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Pellagra, now a rare disease, was a serious health problem in the United States half a century ago. Although well known in Spain and Italy since 1735, pellagra was not diagnosed in this country until 1902. But in the next few years, more and more cases appeared of the "3-D disease"— diarrhea, dementia, and dermatitis (including the ugly facial butterfly, from which this book derives its title).
In 1921 more than 2,500 Americans died of pellagra. Meanwhile, Joseph Goldberger, an officer of the Public Health Service, was patiently demonstrating that dietary deficiency was the cause. Obviously, improved diet could prevent and cure the condition, but improving the diet of impoverished sharecroppers and millworkers involved tremendous economic and social difficulties.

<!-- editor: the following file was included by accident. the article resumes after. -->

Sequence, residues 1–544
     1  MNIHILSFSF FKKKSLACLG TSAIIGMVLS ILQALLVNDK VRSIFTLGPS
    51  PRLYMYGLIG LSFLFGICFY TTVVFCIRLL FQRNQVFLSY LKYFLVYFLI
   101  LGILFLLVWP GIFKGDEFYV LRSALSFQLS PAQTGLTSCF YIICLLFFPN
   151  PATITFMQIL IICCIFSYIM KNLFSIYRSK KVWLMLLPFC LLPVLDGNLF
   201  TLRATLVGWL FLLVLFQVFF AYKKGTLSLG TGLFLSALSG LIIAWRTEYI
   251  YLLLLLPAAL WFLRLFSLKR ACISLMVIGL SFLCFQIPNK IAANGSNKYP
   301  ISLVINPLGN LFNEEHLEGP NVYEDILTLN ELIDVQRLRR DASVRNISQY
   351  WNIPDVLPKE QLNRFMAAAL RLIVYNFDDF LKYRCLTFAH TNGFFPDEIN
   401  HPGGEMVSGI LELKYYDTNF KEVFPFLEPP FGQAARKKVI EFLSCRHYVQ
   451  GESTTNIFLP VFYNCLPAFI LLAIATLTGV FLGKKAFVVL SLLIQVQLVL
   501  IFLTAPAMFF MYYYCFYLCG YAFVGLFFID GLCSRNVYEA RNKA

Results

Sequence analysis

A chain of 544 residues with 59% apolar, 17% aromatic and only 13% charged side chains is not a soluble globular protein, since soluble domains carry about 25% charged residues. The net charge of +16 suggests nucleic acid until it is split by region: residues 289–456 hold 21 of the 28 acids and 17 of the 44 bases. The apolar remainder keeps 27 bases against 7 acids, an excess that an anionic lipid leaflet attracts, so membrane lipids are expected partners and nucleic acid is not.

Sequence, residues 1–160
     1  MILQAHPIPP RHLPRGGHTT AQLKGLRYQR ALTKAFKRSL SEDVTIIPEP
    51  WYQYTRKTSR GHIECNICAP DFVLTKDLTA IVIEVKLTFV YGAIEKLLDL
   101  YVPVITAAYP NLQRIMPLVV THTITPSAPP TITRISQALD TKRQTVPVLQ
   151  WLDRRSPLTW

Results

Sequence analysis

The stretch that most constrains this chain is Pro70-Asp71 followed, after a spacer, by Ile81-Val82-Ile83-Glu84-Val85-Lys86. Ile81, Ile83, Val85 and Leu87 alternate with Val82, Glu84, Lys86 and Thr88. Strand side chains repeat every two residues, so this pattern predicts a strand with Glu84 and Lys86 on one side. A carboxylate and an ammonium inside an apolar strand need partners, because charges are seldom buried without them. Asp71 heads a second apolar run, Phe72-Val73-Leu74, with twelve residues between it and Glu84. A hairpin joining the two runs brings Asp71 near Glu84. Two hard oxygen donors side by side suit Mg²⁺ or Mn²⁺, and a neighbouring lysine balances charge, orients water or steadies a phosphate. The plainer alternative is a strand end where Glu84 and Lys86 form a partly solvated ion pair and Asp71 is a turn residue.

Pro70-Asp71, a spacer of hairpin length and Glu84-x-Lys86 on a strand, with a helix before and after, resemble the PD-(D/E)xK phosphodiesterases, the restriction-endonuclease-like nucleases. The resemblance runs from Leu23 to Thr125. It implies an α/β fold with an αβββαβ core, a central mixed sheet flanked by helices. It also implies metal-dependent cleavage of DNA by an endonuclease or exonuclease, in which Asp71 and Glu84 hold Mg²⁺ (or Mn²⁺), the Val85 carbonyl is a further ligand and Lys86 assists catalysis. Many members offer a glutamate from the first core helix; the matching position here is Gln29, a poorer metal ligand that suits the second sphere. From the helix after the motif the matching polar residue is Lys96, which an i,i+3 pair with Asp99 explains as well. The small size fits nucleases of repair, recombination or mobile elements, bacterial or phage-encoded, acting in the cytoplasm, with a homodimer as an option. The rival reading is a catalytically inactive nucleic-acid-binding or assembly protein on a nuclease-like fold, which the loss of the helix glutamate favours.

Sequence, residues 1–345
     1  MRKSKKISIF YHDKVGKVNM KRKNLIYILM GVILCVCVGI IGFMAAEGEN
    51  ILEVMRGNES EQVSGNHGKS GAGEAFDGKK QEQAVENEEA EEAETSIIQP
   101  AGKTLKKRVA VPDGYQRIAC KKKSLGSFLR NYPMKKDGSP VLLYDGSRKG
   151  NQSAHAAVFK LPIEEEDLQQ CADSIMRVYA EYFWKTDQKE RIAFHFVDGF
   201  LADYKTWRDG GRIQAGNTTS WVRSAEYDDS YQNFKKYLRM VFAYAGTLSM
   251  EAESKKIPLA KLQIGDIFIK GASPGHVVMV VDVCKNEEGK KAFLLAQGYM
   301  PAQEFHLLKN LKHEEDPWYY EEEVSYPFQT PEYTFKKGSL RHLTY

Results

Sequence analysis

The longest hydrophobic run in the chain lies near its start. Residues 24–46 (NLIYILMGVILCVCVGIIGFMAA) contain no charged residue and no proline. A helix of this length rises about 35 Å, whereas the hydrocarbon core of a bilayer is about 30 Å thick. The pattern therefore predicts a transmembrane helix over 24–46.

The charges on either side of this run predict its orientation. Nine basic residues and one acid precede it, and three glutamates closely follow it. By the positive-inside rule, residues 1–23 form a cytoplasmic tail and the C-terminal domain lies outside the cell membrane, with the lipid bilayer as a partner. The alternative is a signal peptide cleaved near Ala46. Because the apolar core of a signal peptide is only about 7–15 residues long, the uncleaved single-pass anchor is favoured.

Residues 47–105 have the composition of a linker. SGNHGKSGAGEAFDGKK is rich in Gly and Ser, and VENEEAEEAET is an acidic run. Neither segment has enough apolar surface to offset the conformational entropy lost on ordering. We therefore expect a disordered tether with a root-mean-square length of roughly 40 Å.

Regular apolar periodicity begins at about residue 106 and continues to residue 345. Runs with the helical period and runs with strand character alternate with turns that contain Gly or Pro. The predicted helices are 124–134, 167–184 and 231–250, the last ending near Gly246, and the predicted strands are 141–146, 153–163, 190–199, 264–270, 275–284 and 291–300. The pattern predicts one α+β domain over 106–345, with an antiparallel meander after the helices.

The rise and fall of pellagra, the disputes about its cause, and the social and political struggles form a fascinating story, well told by Elizabeth Etheridge. She is a historian, not
Meehan MC. The Butterfly Caste: A Social History of Pellagra in the South. JAMA. 1973;223(1):84. doi:10.1001/jama.1973.03220010070041
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